The key to achieving a moving heart without oxygen may be in the 'turtle'
It is well known that turtles hibernate, but it is not well known that hibernating places are sometimes chosen to be in a pond or under a lake. The reason is that turtles can survive for up to six months without oxygen and are safer in water, but researchers believe that the ability of turtles to survive even with anoxia may also apply to humans. You are
Developmental plasticity of anoxia-tolerance in juvenile common snapping turtles (Chelydra serpentina) | Proceedings of the Royal Society B: Biological Sciences
Turtle study shows hearts can be programmed to survive without oxygen
Some Animal Hearts Can Adapt to Survive Without Oxygen, And Scientists Are Intrigued
It is known that the less oxygen there is in the environment before hatching, the less oxygen it can survive in adulthood. In order to analyze the mechanism, a research team at the University of Manchester conducted an experiment to actually hatch an egg of a snapping turtle collected from the field in a state of low oxygen with an oxygen concentration of 10% and investigate an adult heart . This 10% oxygen environment mimics the situation of the egg that has been placed at the very bottom of the eggs laid in the burrow. In addition, we also prepared a snapping turtle hatched with 21% oxygen concentration as a control group.
Intra-cellular calcium and pH in the cells by rearing the snapping turtles born under each condition under the same oxygen concentration as in the general atmosphere from 15 months to 24 months of age, extracting only cardiomyocytes from the heart, and・ We analyzed each of the components related to hypoxia tolerance such as reactive oxygen . Analysis revealed that cardiopulmonary turtle cells that hatch under hypoxic conditions behave as in normal atmosphere as in anoxic conditions. In addition, it is known that damage to the cell tissue is observed when oxygen concentration rises rapidly in mammals etc., but even if oxygen concentration rises rapidly in hypoxic-hatched cardiomyocytes I also found that the tissue was not damaged.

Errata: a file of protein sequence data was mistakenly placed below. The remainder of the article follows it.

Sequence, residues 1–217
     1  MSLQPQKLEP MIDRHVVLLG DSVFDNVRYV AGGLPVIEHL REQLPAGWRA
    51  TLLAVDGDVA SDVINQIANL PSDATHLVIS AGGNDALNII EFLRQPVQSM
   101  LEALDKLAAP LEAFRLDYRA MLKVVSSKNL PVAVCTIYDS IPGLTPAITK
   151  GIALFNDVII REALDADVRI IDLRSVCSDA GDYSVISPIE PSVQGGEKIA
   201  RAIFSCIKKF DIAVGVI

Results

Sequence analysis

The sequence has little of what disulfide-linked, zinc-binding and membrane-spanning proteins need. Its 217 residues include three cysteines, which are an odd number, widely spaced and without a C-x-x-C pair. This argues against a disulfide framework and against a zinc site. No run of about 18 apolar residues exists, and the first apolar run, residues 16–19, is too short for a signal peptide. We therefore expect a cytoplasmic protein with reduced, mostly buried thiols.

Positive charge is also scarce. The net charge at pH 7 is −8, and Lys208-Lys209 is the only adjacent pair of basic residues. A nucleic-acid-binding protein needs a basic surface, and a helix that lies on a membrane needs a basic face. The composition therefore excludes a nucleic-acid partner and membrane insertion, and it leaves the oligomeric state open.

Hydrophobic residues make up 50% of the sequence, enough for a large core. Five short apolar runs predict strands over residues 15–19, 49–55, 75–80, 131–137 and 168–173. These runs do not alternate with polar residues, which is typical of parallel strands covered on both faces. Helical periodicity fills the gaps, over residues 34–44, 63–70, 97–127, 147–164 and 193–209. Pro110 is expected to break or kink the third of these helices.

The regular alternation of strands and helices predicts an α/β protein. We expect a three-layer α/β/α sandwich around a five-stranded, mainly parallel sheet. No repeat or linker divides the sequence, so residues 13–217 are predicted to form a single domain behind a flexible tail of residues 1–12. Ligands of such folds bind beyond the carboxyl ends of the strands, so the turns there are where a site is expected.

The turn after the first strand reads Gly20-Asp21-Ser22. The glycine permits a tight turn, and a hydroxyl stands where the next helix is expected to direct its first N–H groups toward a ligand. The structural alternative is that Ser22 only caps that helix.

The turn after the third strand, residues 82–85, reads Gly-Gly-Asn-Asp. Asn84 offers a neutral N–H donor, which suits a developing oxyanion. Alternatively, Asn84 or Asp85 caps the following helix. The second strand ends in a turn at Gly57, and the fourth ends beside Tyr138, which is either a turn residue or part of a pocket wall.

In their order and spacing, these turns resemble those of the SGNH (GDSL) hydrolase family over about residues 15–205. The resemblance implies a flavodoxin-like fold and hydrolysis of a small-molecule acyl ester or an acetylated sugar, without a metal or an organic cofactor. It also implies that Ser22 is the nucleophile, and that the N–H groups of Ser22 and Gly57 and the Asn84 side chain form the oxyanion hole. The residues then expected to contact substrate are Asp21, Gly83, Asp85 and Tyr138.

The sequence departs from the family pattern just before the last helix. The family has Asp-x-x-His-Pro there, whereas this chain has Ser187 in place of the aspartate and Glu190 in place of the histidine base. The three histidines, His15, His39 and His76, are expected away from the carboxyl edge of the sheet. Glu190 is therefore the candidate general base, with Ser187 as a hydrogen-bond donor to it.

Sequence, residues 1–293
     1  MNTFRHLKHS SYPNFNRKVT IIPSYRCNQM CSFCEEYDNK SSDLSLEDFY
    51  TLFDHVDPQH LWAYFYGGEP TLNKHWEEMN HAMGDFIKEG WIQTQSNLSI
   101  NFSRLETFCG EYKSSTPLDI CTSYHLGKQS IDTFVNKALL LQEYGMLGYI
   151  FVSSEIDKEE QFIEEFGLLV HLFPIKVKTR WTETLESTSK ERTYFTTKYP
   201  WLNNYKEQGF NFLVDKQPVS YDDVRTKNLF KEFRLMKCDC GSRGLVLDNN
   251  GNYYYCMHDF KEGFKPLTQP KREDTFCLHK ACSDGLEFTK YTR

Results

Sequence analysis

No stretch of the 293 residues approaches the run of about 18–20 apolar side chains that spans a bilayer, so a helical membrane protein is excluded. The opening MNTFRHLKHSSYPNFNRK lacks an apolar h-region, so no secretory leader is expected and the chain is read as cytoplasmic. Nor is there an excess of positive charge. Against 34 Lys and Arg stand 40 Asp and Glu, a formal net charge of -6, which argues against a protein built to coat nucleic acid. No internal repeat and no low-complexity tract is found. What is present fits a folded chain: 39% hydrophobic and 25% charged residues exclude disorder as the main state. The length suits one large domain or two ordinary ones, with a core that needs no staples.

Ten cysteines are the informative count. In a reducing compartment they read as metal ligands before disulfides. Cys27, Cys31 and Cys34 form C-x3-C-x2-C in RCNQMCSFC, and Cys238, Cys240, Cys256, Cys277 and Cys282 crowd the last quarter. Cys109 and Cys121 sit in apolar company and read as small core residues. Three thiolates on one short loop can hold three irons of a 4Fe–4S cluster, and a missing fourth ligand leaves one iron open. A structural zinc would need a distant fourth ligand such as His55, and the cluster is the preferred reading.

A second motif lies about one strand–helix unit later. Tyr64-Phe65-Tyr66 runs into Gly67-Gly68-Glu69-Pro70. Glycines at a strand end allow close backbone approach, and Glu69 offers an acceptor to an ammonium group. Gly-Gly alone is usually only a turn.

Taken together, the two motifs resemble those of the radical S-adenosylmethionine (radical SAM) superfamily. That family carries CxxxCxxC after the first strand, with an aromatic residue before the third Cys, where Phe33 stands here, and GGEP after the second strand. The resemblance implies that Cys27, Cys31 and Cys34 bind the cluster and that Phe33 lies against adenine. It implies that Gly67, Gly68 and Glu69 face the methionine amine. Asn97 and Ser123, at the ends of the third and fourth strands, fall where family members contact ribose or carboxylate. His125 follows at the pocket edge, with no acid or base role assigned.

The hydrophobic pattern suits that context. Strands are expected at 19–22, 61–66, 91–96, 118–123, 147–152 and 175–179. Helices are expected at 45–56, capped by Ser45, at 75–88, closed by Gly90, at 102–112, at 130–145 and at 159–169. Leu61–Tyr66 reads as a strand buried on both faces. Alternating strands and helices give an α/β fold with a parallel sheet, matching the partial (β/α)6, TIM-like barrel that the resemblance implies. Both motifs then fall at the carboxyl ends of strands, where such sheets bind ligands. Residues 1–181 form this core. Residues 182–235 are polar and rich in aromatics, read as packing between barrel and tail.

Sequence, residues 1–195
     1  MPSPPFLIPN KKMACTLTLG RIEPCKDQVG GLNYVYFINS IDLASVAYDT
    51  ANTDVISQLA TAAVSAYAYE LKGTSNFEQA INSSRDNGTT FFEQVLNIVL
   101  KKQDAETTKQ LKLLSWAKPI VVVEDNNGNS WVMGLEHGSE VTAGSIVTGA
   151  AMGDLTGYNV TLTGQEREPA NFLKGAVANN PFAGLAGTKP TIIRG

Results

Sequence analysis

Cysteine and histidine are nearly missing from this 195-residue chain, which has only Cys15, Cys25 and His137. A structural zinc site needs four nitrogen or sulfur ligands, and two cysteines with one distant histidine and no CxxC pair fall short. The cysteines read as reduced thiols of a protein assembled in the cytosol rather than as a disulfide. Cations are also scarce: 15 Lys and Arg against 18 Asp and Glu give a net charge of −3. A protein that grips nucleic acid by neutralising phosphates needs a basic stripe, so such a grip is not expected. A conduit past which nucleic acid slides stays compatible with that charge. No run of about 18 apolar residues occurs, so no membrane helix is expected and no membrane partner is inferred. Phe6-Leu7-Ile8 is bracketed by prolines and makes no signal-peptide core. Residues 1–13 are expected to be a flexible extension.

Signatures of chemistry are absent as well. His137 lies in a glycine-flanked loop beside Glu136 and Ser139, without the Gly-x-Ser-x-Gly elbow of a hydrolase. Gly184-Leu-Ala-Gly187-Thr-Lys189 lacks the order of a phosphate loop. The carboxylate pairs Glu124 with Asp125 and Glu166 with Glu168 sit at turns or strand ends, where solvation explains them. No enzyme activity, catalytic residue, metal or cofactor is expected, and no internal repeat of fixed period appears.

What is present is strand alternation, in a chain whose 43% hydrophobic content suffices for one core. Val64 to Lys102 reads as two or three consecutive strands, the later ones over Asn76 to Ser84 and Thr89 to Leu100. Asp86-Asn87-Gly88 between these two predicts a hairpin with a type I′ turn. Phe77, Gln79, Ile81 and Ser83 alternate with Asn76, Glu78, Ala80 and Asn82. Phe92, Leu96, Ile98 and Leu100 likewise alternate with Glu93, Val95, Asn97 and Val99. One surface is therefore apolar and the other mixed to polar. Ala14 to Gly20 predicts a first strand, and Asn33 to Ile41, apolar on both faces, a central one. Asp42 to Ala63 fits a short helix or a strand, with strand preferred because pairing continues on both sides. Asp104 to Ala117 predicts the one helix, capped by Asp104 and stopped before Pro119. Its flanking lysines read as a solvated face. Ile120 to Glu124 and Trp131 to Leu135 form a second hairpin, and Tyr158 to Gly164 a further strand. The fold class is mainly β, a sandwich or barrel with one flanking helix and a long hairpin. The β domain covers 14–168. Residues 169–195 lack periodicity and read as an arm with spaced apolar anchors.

The research team believes that epigenetic changes occur in the turtle genome that has been hatched in a hypoxic environment. Gina Galli of the research team said, 'Because turtles and human cardiomyocytes are anatomically close, they can be applied to humans as long as they can solve the mechanism of ability of turtles to live without anoxia,' If your heart can tolerate oxygen deficiency, it may not be a problem if the oxygen supplied to the cardiomyocytes is interrupted by a heart attack, or it may be possible to reduce organ damage during organ transplantation. ” And commented.